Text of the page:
Electric transportation seems to be the solution of the future in a world dominated by fossil fuels. It stands to reason that the same would apply to all devices and appliances, including dryers.
However, this is not necessarily the case. Many factors must be considered when determining environmental effects, including the manufacturing footprint, efficiency, energy source, and drying time of the dryer.
Gas dryers are more environmentally friendly because burning natural gas or LP in the dryer involves fewer energy losses and less pollution than burning petroleum or coal off-site at a power plant.
Are There Differences in the Manufacturing Process?
Despite the differences between gas and electric dryers, it seems that the manufacturing process is largely the same for each of them.
The process also involves machinery and manual tasks. Obviously, those done with machinery have more potential to cause pollution because of the fuel required to power them.
- Regardless of the type of dryer, the process of manufacturing begins with thin sheets of stainless steel being cut to size and then pressed by a machine into the shapes needed.
- Another type of machine bends a long and wide piece of sheet metal into the shape of a dryer drum.
- Yet another automated machine forms grooves in the dryer drum metal for the dryer belt.
- There is also the production of the pulley system, dryer belts, heating elements (electric), gas burner assemblies (gas), etc.
- Screwing together other components of the dryer is done both by automated machines and by hand.
- Eventually, wires are placed in their respective areas and then secured manually. The dryer’s heating element is also secured manually.
- The rest of the process is also done manually. This includes installing the stainless steel sides and the control panel.
Dryer Manufacturing Pollution
It is thought that factories, including those that produce dryers, are large contributors to global warming.
Manufacturing is bound to have all kinds of environmental impacts, not just contributing to global warming. This could be related to the dryer materials, the mechanical processes, or both.
Again, automation rather than manual assembly lends itself to pollution associated with energy needs since a human does not require electricity to work.
So, although automation greatly speeds up the process, it can be less environmentally friendly than human assembly.
Waste from manufacturing, whether solid, liquid, or gaseous, can enter bodies of water, linger in landfills, and reside in the air.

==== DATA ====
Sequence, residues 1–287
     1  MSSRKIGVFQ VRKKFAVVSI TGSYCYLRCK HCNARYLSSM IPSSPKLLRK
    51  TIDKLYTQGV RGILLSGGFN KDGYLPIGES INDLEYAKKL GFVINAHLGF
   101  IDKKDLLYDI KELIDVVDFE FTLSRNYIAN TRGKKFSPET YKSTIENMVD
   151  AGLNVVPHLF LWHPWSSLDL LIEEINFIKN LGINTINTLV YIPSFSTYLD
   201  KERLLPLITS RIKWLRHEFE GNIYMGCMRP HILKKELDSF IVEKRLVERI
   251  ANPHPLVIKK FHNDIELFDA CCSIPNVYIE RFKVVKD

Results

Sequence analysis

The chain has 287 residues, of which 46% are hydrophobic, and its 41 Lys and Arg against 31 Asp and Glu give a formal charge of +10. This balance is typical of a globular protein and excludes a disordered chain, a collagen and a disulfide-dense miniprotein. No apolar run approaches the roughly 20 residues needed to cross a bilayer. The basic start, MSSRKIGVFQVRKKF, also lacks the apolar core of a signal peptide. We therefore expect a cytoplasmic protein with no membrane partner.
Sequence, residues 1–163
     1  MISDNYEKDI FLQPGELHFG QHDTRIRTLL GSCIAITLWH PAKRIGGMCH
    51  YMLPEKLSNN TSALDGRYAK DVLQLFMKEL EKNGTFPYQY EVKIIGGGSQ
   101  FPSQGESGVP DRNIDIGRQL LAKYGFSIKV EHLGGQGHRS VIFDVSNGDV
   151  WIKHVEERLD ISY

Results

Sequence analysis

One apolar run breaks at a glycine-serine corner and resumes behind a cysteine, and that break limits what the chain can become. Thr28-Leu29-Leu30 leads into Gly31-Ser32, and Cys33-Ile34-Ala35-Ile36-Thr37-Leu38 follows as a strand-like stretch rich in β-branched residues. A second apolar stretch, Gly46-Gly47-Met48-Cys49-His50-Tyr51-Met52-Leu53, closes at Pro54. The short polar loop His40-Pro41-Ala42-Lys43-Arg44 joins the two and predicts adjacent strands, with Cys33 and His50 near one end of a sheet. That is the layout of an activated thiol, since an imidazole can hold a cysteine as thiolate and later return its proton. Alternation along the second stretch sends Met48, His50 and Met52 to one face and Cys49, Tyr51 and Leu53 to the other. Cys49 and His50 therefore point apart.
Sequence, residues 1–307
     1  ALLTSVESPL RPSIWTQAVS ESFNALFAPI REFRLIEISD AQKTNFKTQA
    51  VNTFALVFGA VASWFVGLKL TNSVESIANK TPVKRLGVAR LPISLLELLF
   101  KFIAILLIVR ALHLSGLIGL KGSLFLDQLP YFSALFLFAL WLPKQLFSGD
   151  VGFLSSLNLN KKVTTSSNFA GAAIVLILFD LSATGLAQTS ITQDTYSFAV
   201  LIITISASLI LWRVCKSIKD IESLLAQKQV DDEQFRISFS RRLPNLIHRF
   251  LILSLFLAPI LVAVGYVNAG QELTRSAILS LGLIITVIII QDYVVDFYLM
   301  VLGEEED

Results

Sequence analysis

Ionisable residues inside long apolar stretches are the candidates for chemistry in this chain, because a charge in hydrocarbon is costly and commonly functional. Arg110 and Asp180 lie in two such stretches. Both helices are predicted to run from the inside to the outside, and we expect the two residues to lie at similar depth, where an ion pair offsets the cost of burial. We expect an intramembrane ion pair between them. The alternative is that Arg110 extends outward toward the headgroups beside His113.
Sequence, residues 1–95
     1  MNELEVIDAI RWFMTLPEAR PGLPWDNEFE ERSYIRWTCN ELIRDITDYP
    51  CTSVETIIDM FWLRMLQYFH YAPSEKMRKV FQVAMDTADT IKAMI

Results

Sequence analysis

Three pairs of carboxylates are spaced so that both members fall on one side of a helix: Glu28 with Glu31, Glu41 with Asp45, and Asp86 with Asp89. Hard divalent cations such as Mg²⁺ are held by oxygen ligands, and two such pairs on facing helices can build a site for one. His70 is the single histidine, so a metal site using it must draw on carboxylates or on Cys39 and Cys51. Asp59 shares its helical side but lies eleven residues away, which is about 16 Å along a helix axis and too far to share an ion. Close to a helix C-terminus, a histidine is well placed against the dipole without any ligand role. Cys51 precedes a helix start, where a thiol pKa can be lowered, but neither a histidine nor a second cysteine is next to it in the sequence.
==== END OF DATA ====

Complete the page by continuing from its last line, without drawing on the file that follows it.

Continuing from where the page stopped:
Example of Material-Based Pollution
Dryer drums can be steel, plastic, or porcelain-coated. Each material has its own advantages and disadvantages.
- Steel drums are durable and won’t rust. However, they are often more expensive.
- Plastic drums are less expensive, last a while, and don’t weigh much. However, they are less durable than steel.
- Porcelain-coated drums are easily cleaned and somewhat durable. Unfortunately, they can chip.
(Each material also has differing recyclability, which will be covered in a later section.)
Depending on the dryer drum material, the pollution of the dryer manufacturing process can vary.
Steel and plastic production are known for causing damage to the environment. Although porcelain is not recyclable, its production is not as damaging to the environment as steel or plastic production.
Even if the drum is not made from stainless steel, this metal is used for the majority of the dryer’s structure, regardless of if the dryer is gas or electric.
There are a variety of advantages to using stainless steel, including reduced cost and durability, but one disadvantage is the carbon footprint the steel production process has.
Steel production releases carbon dioxide, sulfur dioxide, nitrous oxide, and particulate matter into the air. These substances can be harmful to human health, and some are greenhouse gases.
Example of Process-Based Pollution
The dryer manufacturing process involves the use of some hydraulics.
Although the idea of hydraulics makes it seem as if the process only uses water, hence the “hydro”, the fluids used in hydraulics are actually often petroleum-based fluids.
When these fluids are spilled, various bodies of water and soil can be contaminated, harming the biota within them.
Manufacturers Taking Steps to Reduce Footprint?
Despite the inherent environmental danger of the existing manufacturing industry, there are efforts being made to reduce carbon footprints and environmental degradation.
Through better-enforced dumping policies, toxic wastes from manufacturing can be properly disposed of so that the pollution of the air, water, and soil is minimized.
Additionally, companies have made environmental pledges laying out their environmental goals and current sustainable actions.